If You Want to Fix California's Wildfire Problem, Start With Climate Change

  • by: S E Smith
  • recipient: Secretary of Commerce Wilbur Ross

Care2 update, 8/21/2020: California is, once again, on fire. And every year, it's getting worse, due to Trump administration policies that continue to let climate change spiral out of control. But since California doesn't have enough salaried, professional firefighters to combat these disasters, the state is compelling prisoners to battle the flames — paying them as little as $2 a day.

But because prisons have been the sites of some of the largest COVID-19 outbreaks in the country, due to cramped conditions and insufficient masks and hand sanitizer, many incarcerated people are simply too sick to help. The answer to this problem is not to shove more prisoners into the flames — it's to fight climate change and stop these fires once and for all.

Donald Trump thinks he has the solution to what's shaping up to be one of California's worst fire seasons ever: Just add water.

In a tweet, he said: "California wildfires are being magnified & made so much worse by the bad environmental laws which aren't allowing massive amounts of readily available water to be properly utilized. It is being diverted into the Pacific Ocean. Must also tree clear to stop fire from spreading!"

It's shouldn't be enough for someone with no experience or credentials in wildland firefighting OR environmental policy to tweet about it. But the Commerce Department listened to Trump and put the National Marine Fisheries Service in control of California's water supplies, cutting the California Department of Fish and Wildlife out of the picture.

The agency said that, "American lives and property are at stake and swift action is needed."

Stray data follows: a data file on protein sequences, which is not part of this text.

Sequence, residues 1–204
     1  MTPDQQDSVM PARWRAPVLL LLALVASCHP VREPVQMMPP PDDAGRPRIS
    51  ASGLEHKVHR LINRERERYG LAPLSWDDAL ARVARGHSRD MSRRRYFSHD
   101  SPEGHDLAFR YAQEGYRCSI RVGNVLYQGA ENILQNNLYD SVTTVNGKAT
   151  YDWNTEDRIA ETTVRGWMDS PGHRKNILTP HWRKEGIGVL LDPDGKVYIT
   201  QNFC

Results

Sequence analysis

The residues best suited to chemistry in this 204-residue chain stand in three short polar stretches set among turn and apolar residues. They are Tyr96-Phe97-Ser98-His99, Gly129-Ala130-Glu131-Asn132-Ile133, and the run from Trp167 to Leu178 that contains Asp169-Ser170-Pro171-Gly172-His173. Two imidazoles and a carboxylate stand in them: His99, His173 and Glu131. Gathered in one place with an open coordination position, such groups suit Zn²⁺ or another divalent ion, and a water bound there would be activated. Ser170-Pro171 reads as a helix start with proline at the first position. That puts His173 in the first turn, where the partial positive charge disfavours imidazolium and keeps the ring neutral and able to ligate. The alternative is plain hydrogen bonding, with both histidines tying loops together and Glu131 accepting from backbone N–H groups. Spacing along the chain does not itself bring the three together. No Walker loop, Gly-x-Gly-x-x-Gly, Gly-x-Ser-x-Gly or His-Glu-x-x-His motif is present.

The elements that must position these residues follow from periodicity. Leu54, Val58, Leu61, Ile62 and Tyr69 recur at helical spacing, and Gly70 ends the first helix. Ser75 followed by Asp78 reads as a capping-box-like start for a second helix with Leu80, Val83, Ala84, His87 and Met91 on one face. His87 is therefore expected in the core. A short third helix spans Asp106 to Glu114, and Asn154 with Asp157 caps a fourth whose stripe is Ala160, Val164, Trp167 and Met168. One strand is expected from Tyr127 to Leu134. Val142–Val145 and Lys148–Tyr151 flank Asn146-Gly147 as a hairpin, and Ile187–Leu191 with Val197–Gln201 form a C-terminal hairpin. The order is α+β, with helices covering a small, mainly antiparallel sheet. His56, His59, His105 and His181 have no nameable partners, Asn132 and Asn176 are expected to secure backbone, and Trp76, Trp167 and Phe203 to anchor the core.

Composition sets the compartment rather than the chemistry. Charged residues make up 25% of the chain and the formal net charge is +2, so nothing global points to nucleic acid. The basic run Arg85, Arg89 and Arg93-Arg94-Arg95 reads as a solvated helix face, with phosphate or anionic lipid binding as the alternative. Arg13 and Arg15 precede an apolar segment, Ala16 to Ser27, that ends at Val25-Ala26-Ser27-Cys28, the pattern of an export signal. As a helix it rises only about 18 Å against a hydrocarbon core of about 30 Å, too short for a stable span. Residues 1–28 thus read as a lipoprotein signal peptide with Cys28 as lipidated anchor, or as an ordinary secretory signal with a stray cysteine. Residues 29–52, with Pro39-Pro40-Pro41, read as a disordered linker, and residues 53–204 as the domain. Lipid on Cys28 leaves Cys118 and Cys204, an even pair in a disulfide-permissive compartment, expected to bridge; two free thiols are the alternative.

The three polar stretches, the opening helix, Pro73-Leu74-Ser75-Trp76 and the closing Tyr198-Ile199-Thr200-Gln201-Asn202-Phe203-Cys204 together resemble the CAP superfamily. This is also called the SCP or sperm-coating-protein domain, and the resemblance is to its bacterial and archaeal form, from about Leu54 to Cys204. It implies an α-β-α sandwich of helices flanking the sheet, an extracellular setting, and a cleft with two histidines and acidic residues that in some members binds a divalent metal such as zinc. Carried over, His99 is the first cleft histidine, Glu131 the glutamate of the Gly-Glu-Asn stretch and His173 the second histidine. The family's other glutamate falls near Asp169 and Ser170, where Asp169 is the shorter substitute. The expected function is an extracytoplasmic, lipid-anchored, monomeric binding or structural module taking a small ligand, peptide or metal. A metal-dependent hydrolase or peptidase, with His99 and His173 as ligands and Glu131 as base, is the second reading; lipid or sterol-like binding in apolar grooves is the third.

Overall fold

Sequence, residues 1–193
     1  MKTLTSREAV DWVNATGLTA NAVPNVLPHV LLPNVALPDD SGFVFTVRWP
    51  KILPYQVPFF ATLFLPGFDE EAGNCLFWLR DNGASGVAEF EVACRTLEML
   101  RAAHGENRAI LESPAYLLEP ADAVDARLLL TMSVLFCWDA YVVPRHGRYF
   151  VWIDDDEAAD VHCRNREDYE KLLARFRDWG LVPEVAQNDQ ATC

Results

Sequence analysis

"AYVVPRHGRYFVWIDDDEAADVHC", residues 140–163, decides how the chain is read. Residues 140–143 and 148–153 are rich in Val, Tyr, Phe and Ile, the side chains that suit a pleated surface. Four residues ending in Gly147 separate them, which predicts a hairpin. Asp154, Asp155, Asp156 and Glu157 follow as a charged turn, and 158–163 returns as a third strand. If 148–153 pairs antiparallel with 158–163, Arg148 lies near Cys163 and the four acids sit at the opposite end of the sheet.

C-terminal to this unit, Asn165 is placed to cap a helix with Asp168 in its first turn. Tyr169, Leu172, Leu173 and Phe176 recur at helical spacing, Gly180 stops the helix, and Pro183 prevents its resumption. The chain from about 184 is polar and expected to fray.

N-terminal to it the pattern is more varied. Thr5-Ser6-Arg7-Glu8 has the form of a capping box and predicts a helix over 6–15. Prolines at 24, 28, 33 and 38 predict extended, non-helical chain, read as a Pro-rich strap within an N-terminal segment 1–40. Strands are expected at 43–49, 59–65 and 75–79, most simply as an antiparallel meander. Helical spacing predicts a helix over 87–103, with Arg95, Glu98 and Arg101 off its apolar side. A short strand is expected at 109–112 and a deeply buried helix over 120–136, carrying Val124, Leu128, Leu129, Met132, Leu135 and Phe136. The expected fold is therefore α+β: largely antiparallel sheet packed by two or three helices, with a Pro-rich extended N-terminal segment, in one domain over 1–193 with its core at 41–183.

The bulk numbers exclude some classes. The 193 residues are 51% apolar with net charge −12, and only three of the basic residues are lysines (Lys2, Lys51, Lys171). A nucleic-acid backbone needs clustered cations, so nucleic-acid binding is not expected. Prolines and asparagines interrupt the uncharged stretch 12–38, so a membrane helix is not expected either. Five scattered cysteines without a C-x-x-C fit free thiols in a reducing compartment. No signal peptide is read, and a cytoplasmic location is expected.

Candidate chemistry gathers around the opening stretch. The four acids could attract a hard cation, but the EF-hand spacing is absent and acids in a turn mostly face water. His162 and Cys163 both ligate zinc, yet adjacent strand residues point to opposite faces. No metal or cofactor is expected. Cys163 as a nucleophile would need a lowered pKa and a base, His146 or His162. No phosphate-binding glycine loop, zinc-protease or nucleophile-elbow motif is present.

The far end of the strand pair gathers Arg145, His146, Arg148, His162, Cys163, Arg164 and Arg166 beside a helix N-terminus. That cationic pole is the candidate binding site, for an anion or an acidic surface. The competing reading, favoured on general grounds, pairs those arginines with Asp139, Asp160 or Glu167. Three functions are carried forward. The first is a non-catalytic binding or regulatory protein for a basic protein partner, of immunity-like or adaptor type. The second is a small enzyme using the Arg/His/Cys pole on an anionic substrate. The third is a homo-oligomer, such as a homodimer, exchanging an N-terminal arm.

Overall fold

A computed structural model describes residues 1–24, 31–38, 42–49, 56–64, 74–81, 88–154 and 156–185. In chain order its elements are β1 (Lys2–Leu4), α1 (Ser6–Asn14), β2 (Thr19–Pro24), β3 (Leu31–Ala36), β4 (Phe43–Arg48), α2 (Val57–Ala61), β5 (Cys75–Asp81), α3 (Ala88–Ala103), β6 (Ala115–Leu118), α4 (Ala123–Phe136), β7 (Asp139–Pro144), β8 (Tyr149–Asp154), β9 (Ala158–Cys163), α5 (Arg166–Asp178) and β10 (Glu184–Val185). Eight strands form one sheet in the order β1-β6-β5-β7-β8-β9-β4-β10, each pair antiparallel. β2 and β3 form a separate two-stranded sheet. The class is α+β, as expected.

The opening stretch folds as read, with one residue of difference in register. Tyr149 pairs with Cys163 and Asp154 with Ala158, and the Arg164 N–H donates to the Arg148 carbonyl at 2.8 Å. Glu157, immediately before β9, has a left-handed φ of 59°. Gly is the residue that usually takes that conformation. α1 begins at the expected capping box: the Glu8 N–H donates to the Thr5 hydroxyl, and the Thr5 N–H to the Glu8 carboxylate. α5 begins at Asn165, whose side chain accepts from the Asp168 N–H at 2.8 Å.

California smells a rat, and so should you. State officials have repeatedly said that there is ample water for firefighting purposes — even if more water were diverted to the fires, it wouldn't solve the underlying problem.

What the state needs is more money for firefighting.
And more critically, the state needs the federal government to take action on climate change. California and other Western states are experiencing unpredecented wildfire seasons every year because of hot, dry conditions directly due to our changing climate.

Instead of helping California's wildfires, Trump's move simply undermines the Endangered Species Act and its protections for numerous California species that rely on rivers, streams, and other waterways. It also opens the door to diverting the water that should belong to the environment by right to Central Valley farmers, who tend to support Trump and who have long complained that they need more water.

Secretary of Commerce Wilbur Ross needs to call off this unnecessary directive. It won't help California fight wildfires, and it undermines the state's already fraught, complex water policy. 

And Donald Trump needs to stop trying to make war on California with moves like this, which won't just undercut California's autonomy and hard-fought environmental policy. They'll also harm the California economy, damaging industries that need that "readily available water" to stay exactly where it is.

The real problem is climate change. Any other "solutions" are a diversion from that fact.

Photo credit: Pacific Southwest Region/USFWS

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